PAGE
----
Introduction The British Society of Gastroenterology recommend that patients with Barrett’s high grade dysplasia (HGD) are considered for active treatment, with endoscopic therapy considered the treatment of choice.1 We sought to investigate patterns of treatment among patients with newly diagnosed HGD in England.
Methods This study used data collected for the National Oesophago-Gastric Audit (NOGCA) on patients diagnosed with HGD in England between 1st April 2012 and 31st March 2015. The study looked at the relationship between patient’s initial treatment, and their characteristics and diagnostic process. We also examined patterns of treatment by strategic clinical network (SCN) where the patient was diagnosed. We estimated case-mix adjusted rates of surveillance using logistic regression models.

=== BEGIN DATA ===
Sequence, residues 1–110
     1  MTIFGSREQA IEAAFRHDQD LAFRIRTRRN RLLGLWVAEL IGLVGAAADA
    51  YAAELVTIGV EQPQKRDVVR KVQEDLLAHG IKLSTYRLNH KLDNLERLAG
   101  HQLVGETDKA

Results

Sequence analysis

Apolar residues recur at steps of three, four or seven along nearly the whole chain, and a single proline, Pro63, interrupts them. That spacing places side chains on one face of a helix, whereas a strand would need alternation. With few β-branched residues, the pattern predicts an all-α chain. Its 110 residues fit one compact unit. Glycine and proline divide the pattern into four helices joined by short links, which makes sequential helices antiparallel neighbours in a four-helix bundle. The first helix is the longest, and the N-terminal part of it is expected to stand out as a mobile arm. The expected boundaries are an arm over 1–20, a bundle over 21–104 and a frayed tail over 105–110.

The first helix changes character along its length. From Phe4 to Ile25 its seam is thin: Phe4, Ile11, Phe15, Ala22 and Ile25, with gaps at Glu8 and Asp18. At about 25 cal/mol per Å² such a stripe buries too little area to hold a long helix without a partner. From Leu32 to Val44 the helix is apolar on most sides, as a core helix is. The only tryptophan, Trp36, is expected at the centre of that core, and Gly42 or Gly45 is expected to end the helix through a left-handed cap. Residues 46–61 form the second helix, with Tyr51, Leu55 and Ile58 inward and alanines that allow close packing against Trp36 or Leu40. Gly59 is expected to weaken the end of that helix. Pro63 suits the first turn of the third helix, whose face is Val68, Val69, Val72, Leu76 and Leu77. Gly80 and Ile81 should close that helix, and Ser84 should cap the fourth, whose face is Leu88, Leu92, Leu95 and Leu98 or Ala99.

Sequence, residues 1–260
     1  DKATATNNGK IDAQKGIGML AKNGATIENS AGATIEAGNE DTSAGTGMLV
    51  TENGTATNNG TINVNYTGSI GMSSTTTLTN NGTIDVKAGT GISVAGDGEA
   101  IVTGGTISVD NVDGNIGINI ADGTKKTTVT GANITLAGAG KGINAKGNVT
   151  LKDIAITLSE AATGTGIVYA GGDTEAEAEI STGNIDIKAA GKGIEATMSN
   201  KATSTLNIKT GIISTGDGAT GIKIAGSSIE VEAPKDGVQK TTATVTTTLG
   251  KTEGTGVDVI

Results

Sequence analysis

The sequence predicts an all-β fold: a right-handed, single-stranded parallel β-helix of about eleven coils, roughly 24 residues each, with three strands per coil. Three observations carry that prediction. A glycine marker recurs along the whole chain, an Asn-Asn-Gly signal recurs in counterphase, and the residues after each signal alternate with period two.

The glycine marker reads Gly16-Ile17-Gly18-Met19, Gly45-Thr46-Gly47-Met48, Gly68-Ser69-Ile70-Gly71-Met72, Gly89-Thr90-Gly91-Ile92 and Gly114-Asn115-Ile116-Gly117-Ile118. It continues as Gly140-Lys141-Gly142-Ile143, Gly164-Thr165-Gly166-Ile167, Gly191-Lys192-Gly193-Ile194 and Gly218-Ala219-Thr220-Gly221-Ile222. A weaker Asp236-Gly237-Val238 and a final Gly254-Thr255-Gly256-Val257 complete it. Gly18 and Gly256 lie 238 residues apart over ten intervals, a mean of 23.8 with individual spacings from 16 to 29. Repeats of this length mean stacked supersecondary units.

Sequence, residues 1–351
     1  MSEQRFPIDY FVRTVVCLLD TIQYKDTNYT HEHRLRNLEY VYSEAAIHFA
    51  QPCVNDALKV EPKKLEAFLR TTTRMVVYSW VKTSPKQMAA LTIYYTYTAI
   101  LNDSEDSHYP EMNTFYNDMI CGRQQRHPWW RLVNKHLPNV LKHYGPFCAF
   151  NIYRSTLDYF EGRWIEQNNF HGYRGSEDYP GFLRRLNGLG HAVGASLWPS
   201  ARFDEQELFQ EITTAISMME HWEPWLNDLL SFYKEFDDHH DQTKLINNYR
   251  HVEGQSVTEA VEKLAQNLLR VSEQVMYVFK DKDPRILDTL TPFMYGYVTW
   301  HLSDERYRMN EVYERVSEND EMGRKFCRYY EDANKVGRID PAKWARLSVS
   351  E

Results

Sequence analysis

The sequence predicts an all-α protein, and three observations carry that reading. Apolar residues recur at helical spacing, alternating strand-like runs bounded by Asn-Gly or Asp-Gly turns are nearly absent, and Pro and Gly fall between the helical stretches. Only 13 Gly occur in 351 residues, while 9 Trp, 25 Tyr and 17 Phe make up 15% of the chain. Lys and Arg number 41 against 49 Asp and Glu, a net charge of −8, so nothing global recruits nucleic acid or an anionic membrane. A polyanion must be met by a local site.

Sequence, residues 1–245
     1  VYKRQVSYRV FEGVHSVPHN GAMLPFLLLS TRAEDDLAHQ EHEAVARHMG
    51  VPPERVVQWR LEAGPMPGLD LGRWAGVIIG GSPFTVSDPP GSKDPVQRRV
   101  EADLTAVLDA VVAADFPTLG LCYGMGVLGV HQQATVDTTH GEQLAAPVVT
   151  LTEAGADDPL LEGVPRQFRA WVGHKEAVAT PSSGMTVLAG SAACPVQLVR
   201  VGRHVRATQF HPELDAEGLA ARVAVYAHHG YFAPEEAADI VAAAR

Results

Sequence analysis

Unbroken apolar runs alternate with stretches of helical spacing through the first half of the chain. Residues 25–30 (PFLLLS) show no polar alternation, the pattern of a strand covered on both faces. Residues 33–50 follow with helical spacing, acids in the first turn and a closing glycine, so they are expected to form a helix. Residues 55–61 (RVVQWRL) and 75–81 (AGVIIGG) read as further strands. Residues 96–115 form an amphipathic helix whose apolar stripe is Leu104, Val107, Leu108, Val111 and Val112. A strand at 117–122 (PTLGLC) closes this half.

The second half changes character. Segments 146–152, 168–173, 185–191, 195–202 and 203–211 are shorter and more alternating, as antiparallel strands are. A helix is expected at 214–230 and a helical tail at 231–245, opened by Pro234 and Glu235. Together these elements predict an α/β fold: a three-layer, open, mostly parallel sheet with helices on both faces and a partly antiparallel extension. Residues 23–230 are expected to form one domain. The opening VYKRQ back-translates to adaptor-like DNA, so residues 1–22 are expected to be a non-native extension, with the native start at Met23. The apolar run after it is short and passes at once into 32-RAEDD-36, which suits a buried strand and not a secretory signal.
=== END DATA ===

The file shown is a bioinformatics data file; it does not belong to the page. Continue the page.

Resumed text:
Results There were 1,284 patients diagnosed with HGD over 3 years. Mean (SD) age at diagnosis was 71.1 (±10.6) years; 74.1% were men. 795 (65.7%) were managed endoscopically, 66 (5.4%) had an oesophagectomy, and 350 (28.9%) underwent surveillance alone.
The proportion of patients managed by surveillance increased with age (p < 0.001), but was not affected by a history of comorbidities (p = 0.981). Patients were more likely to receive active treatment if they were referred from a Barrett’s surveillance program (84.9% vs 59.4%, p < 0.001), or if they had the diagnosis confirmed either by a second pathologist (79.1% vs 57.2%, p < 0.001), or repeat biopsy (78.1% vs 62.1%, p < 0.001). Active treatment was also more common if patients were discussed at a MDT meeting (75.1% vs 53.6%, p < 0.001).
After adjusting for age, sex, and history of comorbidities, we observed significant variation across SCNs in the proportion of patients managed by surveillance alone (Figure 1), ranging from 4% to 54%.
Conclusion A substantial proportion of patients with HGD are managed by surveillance alone. Trusts should review their management of these patients, and consider referring cases to specialist centres for treatment.
Reference 1 Fitzgerald RC, et al. BSG guidelines on the diagnosis and management of Barrett’s oesophagus. Gut 2014;63(1):7–42.
Disclosure of Interest None Declared